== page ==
All because you have data, and have access to data, doesn’t mean it’s useful or all that important. You having access to log files from a server, which spits out information on usage patterns of your e-commerce system throughout the day only matters if you’re able to impact that usage in some meaningful way, then tie it back to a positive revenue lift. More importantly though, you have to know the data is reliable and understand how to model it in a way that it produces accurate conclusions. Build some baseline metrics, and measure against numbers you know are correct before going into any complex modeling exercise. Once you put a chart in a slide, it’s out there. So make sure you’re starting from the right data set to begin with. 

2. Develop a Series of Hypothesis about Your Business

Once you know the data you’re working with, and have a good sense of how reliable it is, think about the business as it relates to parts you can actually control / influence. If you’re in advertising, don’t focus on product improvements. If you’re in product development, don’t worry about retention patterns on the website. Think about 3-5 gut instincts you have about how the business could operate differently, then use the data to test out those theories. Don’t simply mine the data, hoping the magical insights just pop out at you. Data, like a car, helps you get to where you’re going – it won’t take you there on it’s own. You need to at least have a rough idea of what you’re looking for, so you can build worthwhile visualization to help vet that hypothesis into an actual conclusion.

3. Focus on Low Hanging KPIs, then Expand from There 

It’s easy today, with technology making more data accessible with less effort, to try and go after ground breaking insights. However, you no doubt have areas of your business you can directly impact and know will make a sizable difference to the bottom line, that you need help in influencing. Start with thinking through 3-5 KPIs coming from your hypothesis that you can build from the data you’ve vetted, to influence key business people or back up your assertions with a new direction you’re moving your team in.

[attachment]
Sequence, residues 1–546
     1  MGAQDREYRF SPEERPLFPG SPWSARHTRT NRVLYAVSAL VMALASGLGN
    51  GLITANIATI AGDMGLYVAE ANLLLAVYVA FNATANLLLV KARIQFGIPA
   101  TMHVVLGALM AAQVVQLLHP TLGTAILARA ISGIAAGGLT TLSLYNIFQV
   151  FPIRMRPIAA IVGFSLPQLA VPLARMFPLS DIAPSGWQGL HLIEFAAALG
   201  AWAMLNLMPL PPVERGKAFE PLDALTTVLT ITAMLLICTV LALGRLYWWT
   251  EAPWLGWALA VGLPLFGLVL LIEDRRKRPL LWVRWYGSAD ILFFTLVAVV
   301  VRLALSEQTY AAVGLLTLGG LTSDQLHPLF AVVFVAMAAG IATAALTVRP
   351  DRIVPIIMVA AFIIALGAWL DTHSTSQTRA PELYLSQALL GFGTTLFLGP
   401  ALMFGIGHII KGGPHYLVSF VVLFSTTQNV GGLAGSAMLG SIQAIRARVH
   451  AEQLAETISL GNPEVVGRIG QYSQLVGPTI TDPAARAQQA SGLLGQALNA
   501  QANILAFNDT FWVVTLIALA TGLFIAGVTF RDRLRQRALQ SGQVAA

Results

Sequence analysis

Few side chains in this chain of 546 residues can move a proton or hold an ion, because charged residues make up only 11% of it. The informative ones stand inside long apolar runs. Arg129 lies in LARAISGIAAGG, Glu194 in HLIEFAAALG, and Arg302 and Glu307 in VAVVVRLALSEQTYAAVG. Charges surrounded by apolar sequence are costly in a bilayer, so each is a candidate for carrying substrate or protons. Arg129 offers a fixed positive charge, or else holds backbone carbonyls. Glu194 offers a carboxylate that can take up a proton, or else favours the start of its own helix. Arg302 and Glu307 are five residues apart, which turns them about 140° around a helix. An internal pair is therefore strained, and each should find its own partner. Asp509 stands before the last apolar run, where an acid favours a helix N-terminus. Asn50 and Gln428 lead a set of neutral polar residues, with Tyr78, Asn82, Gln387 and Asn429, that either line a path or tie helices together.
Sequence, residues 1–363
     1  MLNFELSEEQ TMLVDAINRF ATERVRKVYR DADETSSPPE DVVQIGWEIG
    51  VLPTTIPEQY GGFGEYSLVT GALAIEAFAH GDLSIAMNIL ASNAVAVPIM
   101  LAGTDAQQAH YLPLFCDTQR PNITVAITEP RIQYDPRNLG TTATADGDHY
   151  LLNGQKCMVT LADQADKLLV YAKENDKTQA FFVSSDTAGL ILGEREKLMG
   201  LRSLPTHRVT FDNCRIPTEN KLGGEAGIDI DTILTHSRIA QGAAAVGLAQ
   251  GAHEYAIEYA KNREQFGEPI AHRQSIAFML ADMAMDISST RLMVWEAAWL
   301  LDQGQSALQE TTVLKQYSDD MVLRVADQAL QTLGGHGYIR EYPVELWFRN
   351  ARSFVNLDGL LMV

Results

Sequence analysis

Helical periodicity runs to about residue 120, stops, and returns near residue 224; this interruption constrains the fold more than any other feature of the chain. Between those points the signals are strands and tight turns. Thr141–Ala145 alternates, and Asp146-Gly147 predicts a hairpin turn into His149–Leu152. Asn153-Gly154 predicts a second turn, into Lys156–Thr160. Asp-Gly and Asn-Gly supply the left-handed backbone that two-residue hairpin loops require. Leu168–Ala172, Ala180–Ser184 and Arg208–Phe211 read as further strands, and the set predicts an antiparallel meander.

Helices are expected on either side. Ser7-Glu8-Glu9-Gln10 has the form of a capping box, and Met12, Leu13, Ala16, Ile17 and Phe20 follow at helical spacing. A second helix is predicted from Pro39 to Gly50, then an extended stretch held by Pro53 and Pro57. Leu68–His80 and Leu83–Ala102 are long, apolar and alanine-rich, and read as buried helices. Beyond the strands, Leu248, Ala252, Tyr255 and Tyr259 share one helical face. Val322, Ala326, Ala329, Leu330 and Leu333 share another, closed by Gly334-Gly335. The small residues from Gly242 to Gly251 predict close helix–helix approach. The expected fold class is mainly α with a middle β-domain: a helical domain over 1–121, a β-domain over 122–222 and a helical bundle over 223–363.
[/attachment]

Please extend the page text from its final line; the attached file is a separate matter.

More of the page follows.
If you can measure it, you can prove it (as long as it’s reliable and true), but remember that it’s never a silver bullet or the whole story. Data can be powerful, but it can also lead people astray or get people focused on the wrong things. When done right though, using validated data tied to a hypothesis and measured in a way that drives a meaningful revenue outcome, it can make a big difference.

Why Tableau is Worth Billions: A Case Study on Becoming a Digital “Port City”

It’s appropriate that Tableau is located in Seattle, as they both became popular for similar reasons.

Seattle, started as a logging town shipping lumber down to San Francisco, then hit a big boom during the Klondike gold rush followed by a big shipping boom. It then moved into a big boom in aerospace followed by the growing influence of technology – starting with Microsoft. Access to resources, and a connector between multiple places. Seattle was big on logging, because there was an ocean that made it easier to transport lumber south, with the means to make it accessible and useful. Seattle was big during the Klondike gold rush, because you could take a ship from Seattle over to Alaska, and provided the resources and shipping to get there. Seattle was big into aerospace, because William Boeing got things kicked off here so there was the resources and buyers to set up a shop and build an aerospace business. Seattle then became big into technology, because Bill Gates changed the world with Microsoft Windows and people could come and leverage the resources that created.

Now lets look at Tableau – From wikipedia: “In 2003, Tableau was spun out of Stanford [9] with an eponymous software application. The product queries relational databases, cubes, cloud databases, and spreadsheets and then generates a number of graph types that can be combined into dashboards and shared over a computer network or the internet. The founders moved the company to Seattle, Washington in October, 2003, where it remains headquartered today” 

Tableau then, wasn’t famous because it invented data or created a better way to store data. Rather, the platform made that “digital lumber” we know as data more accessible. It became a way for an average user to reach out into the data space and extract useful information, which they can then use. In effect, Tableau is the digital “port” city for many business owners, that provides access to that raw material and the capability to make it useful.

Becoming a digital port city then, isn’t all about what the platform provides in and of itself but the material it helps you gather / process / leverage. Social media is billions of messages, but Adobe’s Marketing Cloud promises to make quantifiable sense of it all. Server log files are completely useless in and of themselves, but Splunk helps turn all that into a meaningful dashboard.